UPDATE 2-Overseas Shipholding withdraws loan application
By Divya Lad
Feb 17 (Reuters) - Overseas Shipholding Group, the world's second-largest independent tanker operator, said it withdrew a $241.8 million loan guarantee application with the U.S. Maritime Administration, after the federal agency indicated it could not be approved.
The company had filed the application in February 2010 under Title XI Federal Ship Financing Program, which guarantees fixed-rate long-term loans from the private sector.
"Both the company and investors were counting on it to come through to help with the liquidity situation...it is a surprise and it is rather disappointing," Evercore Partners analyst Jonathan Chappell said.
Chappell said the company could dispose some assets if they really need to.
The withdrawal of the application will not affect the company's financial position and it remains in compliance with its financial covenants, Overseas said.
The company had sought the loan for two shuttle tankers, which were delivered in 2010 and 2011, and are on time charters expiring in 2015.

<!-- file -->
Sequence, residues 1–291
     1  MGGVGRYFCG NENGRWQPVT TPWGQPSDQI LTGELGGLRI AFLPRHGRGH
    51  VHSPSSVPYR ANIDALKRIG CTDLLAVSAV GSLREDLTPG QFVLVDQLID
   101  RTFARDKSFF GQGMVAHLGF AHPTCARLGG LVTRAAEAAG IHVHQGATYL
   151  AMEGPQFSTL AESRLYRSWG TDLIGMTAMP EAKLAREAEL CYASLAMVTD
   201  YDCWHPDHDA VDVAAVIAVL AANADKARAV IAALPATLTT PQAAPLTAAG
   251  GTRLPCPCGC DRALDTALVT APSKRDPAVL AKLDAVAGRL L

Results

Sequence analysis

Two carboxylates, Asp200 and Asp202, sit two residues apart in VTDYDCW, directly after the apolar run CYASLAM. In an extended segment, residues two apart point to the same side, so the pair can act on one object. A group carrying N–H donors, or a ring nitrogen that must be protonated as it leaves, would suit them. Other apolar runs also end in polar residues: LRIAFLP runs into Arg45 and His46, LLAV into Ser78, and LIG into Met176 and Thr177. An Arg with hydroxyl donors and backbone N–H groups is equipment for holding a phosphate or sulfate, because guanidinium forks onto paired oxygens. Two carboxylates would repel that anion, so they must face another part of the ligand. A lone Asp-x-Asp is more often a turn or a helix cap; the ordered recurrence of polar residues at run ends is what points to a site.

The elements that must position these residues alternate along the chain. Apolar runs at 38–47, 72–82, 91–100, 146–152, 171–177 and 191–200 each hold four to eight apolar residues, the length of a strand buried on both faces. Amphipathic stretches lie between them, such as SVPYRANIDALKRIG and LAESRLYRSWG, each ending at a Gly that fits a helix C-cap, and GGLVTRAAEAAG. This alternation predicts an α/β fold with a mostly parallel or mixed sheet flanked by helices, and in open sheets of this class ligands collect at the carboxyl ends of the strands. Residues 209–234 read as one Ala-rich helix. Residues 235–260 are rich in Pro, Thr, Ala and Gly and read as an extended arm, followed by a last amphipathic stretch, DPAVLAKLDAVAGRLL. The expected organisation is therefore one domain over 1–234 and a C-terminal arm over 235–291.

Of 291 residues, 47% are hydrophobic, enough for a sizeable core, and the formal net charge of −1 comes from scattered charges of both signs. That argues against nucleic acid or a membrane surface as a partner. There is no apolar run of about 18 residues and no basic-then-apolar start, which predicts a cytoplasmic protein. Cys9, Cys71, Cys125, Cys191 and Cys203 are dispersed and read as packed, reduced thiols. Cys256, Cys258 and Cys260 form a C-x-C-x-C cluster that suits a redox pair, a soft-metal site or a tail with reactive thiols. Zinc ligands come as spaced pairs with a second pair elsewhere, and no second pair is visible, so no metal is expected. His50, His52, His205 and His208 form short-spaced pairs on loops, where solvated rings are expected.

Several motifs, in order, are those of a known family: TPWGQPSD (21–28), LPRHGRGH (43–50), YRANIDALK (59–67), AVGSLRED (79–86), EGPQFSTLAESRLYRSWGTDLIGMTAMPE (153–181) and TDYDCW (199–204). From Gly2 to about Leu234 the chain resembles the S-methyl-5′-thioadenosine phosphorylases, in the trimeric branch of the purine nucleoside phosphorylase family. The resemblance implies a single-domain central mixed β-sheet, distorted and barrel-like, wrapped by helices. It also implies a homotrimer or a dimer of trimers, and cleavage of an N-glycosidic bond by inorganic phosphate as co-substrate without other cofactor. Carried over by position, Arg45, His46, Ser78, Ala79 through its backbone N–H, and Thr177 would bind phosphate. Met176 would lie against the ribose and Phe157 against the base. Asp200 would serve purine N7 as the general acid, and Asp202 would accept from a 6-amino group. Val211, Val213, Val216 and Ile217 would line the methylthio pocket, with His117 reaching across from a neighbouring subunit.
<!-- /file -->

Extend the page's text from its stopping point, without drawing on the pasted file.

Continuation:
"It is not unusual for Title 11 loan guarantee applications to be withdrawn during the review process," representative of Maritime administration Meghan Keck said via an email.
Overseas, incorporated in 1969, has a long-term debt of $2.07 billion and cash and short-term investments of $182.1 million as of Sept. 30, according to Thomson Reuters data.
Last week, Overseas suspended its dividend to "preserve liquidity and maintain financial flexibility."
Overseas Shipholding shares were trading down 3 percent on Friday after market close on the New York Stock Exchange.
DAVOS, Switzerland - Central banks have done their best to rescue the world economy by printing money and politicians must now act fast to enact structural reforms and pro-investment policies to boost growth, central bankers said on Saturday.